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Could currently used vaccines protect against COVID-19?

Data published earlier in 2020 suggest that children are at lower risk of experiencing severe symptoms and mortality from COVID-19, as well as suggesting that risk seems to increase with age[1],[2].

I have a hypothesis that could explain this: children are being protected by the childhood vaccination programme.

Looking at China’s vaccination programme, at birth, infants receive two vaccines: the Bacillus Calmette–Guérin (BCG) vaccine, which protects primarily against tuberculosis, and the hepatitis B vaccine.

BCG usually protects individuals for around 20 years, while the hepatitis B vaccine (which is administered in three doses: at birth, at one month and at six months) gives protection for around 10 years[3]. Perhaps other childhood vaccines, such as the inactivated poliovirus vaccine, offer this protection against the COVID-19.

With the current lack of vaccination against COVID-19, perhaps people aged over 20 years should be vaccinated with the hepatitis B vaccine. This age could be increased to 50 years, if that approach is not cost effective.

Souad Moumene, practice pharmacist, Manchester

Citation: The Pharmaceutical Journal DOI: 10.1211/PJ.2020.20207845

Readers' comments (3)

  • In the UK the BCG vaccine is not currently part of the routine childhood schedule. It is only offered to those who are at higher risk of TB. The difference is most likely down to the general health and better immune response of younger persons.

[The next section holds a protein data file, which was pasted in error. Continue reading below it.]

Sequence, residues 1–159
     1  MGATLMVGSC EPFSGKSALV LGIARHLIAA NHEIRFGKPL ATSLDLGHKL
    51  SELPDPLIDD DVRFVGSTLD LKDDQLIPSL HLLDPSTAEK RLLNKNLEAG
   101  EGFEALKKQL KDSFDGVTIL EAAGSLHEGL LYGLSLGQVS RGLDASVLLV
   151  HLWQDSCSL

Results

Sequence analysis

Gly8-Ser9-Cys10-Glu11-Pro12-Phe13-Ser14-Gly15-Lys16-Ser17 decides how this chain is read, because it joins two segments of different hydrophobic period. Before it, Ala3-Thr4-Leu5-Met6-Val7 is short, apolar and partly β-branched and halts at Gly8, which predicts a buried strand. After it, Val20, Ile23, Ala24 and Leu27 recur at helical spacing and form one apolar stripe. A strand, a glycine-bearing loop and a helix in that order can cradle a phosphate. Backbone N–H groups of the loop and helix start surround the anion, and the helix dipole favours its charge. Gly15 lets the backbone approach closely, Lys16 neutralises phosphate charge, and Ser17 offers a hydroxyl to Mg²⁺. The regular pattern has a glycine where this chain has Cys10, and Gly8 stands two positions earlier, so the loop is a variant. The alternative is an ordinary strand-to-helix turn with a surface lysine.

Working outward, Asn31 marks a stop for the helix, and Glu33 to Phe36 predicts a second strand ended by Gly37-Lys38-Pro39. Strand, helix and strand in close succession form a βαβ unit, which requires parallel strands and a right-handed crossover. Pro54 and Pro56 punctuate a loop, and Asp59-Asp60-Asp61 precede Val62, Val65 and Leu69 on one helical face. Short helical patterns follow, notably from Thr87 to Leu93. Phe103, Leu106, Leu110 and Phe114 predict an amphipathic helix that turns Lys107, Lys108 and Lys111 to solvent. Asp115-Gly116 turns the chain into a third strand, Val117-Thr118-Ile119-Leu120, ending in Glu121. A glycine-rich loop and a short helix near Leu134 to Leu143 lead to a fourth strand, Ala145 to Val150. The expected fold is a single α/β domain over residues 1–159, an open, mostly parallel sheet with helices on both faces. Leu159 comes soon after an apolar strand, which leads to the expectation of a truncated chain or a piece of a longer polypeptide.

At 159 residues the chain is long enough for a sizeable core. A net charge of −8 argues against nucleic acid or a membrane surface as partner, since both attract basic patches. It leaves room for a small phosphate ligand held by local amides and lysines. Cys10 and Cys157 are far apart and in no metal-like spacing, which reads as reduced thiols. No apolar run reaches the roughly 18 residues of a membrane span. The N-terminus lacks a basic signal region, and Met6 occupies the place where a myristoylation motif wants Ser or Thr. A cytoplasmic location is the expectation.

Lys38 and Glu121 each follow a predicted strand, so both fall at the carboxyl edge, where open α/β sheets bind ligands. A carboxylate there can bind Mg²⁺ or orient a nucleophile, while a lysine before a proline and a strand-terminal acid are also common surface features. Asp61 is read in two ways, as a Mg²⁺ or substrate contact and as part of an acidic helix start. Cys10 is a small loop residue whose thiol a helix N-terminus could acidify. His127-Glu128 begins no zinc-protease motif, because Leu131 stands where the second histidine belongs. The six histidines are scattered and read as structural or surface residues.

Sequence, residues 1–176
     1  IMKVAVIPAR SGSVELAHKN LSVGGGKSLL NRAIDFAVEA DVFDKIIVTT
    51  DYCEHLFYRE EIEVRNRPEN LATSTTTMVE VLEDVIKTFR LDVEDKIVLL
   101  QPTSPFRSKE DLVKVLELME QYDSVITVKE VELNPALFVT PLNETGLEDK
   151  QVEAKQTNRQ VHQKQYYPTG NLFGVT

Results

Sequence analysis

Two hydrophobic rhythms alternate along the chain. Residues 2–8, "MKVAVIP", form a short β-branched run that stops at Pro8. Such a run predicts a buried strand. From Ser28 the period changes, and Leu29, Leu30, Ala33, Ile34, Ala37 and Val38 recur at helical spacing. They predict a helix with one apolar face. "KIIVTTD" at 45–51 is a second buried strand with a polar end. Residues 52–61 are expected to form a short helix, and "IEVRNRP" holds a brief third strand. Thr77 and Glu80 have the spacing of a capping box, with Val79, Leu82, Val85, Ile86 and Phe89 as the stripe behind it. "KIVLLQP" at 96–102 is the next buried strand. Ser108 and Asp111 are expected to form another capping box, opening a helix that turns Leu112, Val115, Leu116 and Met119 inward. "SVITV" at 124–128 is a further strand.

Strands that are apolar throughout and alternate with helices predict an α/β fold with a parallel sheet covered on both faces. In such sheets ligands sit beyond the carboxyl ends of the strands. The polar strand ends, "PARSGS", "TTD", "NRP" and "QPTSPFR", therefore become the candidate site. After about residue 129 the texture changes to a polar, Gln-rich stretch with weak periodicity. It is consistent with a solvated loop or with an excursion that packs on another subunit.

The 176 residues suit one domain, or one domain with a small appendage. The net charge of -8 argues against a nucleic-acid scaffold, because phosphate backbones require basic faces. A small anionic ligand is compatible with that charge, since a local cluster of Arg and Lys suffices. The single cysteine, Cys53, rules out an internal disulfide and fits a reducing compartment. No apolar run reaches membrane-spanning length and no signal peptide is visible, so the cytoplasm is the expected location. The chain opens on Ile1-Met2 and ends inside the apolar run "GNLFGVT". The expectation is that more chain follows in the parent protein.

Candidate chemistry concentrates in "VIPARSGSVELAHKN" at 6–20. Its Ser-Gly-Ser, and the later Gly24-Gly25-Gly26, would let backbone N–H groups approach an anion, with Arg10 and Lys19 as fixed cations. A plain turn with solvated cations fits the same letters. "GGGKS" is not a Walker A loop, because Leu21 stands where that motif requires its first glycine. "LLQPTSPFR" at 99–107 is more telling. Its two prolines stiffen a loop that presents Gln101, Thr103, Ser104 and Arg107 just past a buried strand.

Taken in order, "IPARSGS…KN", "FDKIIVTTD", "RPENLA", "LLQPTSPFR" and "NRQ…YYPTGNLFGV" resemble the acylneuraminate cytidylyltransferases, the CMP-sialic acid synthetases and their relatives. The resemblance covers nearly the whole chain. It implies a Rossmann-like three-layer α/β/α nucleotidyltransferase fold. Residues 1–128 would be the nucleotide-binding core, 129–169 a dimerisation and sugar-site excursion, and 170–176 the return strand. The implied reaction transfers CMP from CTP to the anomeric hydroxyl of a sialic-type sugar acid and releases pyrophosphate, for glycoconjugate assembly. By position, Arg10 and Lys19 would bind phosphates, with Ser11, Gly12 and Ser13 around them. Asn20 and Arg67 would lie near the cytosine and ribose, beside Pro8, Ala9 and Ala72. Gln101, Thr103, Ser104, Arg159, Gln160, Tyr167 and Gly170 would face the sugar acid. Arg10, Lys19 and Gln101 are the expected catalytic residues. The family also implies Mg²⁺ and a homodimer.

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  • I'e been thinking for a while about immunostimulants to reduce the likely effects of the virus causing Covid-19.
    The BCG vaccine may do that, and may be an option to start before a tailored vaccine is available

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  • As a non-medical professional, I was intrigued when I heard that children up to 15 y.o. were less likely to be susceptible to covid 19, and wondered about the possibility of protection offered by one/some of the routine childhood vaccines. Then another statistic, that men were more susceptible, made me wonder whether women in pregnancy routinely provided with further vaccines are gaining some further protection.
    Finally in HSJ, a detailed survey of the first deaths of NHS workers found that 53 of the first 64 BAME covid deaths were born outside the UK, and the other 11 were unresolved. Whether these poor souls were from countries with less rigorous vaccination programmes, is unknown.

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